Post # 180
4883 posts
Honey bee
  • Wedding: May 2012

I dont think I could do this – I’m too independent and I love what I do too much.  Now that being said, I quit the corporate gauntlet and opened my own shop, so of course I’m much much happier than I was before.  It’s really about work-life balance and loving what you do, and I really think that if people were truly enjoying what they do, they wouldn’t mind going to work every day… like I do 🙂

Even if we wanted to live solely off FI’s income, which we potentially could, it would be far too much of a risk for me to just… not work.  Not only would I not bring an income, but I’d also be really hurting my chances of getting back in the game if I decided to go back to work.  How does one explain that kind of break in employment?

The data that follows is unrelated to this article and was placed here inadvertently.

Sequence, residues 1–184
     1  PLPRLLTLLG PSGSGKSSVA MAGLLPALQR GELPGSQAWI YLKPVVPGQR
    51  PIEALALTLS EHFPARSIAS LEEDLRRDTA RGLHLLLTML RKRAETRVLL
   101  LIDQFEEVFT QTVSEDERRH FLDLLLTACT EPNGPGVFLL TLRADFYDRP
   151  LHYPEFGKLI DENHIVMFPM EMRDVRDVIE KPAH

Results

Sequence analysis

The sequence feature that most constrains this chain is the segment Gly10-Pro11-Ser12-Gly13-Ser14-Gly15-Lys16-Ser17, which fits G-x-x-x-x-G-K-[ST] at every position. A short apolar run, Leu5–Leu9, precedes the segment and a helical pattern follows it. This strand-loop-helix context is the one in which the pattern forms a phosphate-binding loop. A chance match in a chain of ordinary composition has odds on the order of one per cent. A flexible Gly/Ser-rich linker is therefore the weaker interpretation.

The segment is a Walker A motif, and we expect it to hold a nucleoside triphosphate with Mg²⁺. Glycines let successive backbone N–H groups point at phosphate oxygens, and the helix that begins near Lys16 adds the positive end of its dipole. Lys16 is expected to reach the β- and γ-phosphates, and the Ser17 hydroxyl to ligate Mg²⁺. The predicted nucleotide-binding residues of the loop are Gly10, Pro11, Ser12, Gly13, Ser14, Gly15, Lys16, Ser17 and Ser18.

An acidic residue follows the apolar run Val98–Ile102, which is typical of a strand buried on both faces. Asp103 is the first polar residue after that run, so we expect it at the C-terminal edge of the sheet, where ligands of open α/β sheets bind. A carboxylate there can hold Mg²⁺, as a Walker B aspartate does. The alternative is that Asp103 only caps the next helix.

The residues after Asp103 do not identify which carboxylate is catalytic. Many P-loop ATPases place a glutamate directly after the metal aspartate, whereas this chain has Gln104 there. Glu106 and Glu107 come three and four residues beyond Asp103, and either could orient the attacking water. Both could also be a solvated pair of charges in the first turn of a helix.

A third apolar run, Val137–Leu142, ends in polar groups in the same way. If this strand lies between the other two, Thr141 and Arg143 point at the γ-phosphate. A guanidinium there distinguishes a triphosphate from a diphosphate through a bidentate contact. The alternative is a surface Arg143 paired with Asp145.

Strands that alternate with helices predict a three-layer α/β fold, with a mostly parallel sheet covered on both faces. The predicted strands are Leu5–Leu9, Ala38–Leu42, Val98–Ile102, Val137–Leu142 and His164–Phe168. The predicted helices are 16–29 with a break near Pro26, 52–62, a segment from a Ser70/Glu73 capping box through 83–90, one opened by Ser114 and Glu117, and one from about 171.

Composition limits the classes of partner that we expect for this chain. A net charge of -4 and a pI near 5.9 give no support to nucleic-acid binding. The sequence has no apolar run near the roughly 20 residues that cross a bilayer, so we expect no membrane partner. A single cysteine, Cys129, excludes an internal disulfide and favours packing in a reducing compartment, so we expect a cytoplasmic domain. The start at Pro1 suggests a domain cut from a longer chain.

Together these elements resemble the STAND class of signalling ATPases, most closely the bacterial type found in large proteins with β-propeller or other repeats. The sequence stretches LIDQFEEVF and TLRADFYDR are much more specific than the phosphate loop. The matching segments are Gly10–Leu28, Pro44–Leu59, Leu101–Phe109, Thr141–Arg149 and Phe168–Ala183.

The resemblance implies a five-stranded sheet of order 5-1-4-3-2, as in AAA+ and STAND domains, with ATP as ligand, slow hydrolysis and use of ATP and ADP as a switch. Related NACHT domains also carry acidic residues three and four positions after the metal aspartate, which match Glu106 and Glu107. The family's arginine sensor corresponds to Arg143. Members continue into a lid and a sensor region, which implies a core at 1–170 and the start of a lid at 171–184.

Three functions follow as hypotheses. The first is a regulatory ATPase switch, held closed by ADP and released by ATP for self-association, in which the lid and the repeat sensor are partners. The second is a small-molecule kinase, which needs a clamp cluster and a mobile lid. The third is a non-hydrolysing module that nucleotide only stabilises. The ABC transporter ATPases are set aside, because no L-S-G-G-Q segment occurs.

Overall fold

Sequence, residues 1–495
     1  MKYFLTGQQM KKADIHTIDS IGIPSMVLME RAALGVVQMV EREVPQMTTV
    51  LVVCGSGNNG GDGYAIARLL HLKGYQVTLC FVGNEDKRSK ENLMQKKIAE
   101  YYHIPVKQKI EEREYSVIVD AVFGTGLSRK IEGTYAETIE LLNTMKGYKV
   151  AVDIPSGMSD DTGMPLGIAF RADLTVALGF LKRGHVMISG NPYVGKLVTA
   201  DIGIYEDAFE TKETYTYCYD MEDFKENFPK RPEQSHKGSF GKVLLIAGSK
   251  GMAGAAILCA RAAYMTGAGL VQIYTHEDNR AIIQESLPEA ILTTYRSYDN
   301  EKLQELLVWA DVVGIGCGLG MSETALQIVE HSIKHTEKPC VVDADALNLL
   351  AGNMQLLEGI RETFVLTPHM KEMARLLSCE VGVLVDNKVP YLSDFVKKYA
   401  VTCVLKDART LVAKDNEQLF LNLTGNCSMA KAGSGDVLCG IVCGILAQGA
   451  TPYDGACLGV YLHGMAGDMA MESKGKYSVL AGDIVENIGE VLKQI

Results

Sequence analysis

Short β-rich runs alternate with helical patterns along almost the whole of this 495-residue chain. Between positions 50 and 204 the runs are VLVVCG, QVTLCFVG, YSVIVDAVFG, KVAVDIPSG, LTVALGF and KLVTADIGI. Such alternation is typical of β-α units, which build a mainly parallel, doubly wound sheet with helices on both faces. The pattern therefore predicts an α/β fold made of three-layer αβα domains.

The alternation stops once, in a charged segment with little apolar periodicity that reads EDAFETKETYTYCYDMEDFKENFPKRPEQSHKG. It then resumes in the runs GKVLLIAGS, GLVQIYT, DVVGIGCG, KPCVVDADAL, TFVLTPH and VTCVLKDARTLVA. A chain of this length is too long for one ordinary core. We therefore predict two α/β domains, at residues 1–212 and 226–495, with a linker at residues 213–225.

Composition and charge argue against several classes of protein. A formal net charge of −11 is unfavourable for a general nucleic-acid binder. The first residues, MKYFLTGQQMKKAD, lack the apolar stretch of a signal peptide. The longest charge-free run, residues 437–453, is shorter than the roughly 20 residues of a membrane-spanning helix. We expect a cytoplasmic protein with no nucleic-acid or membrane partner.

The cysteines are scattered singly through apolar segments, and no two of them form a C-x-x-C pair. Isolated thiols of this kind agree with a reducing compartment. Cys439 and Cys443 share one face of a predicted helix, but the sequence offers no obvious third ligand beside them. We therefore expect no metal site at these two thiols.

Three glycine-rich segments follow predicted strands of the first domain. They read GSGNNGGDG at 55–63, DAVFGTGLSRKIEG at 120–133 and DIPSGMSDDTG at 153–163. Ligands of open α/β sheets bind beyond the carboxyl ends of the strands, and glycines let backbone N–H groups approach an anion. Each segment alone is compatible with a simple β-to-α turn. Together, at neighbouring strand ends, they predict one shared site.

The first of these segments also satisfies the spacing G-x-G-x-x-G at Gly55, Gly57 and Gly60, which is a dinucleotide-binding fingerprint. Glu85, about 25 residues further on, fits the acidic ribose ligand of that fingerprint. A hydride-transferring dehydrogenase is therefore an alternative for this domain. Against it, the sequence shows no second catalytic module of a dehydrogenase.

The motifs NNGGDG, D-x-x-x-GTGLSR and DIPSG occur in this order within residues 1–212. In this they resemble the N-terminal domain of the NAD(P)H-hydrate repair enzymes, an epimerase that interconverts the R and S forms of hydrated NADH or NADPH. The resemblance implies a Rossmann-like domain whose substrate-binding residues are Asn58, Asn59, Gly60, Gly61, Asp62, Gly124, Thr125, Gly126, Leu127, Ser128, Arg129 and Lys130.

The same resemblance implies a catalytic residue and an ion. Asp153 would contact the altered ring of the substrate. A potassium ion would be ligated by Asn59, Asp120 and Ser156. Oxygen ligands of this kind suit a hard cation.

Definitely more power to those who choose to do this, however!

Post # 181
1229 posts
Bumble bee
  • Wedding: August 2011

I love this thread.  I have been burned out at work for awhile now.  I have always gone to school or worked except for when my babies were little.  I have to say that whatever anyone wants to do with their life is their decision and they shouldn’t be judged for what they choose.  I took a year off in between working because it was what I needed at the TIME.  Working can be fulfilling and it can also suck the effing life out of you.  I am at the latter part now. 

I just learned our office is claiming bankruptcy today and we will all likely be out of our jobs by the end of the year.  It’s hard to say what I will do.  I would love a little break, God knows I need one, but I think I would love to regroup and actually do something I really enjoy.  I don’t know what that is yet, though.  It’s true you should always be able to stand on your own.  Don’t ever for one minute think your marriage can’t fail or something can’t happen.  You must as a woman be able to support yourself and have a backup plan.

Life is too short to be unhappy.  Do what makes you happy and what you can afford to if you can.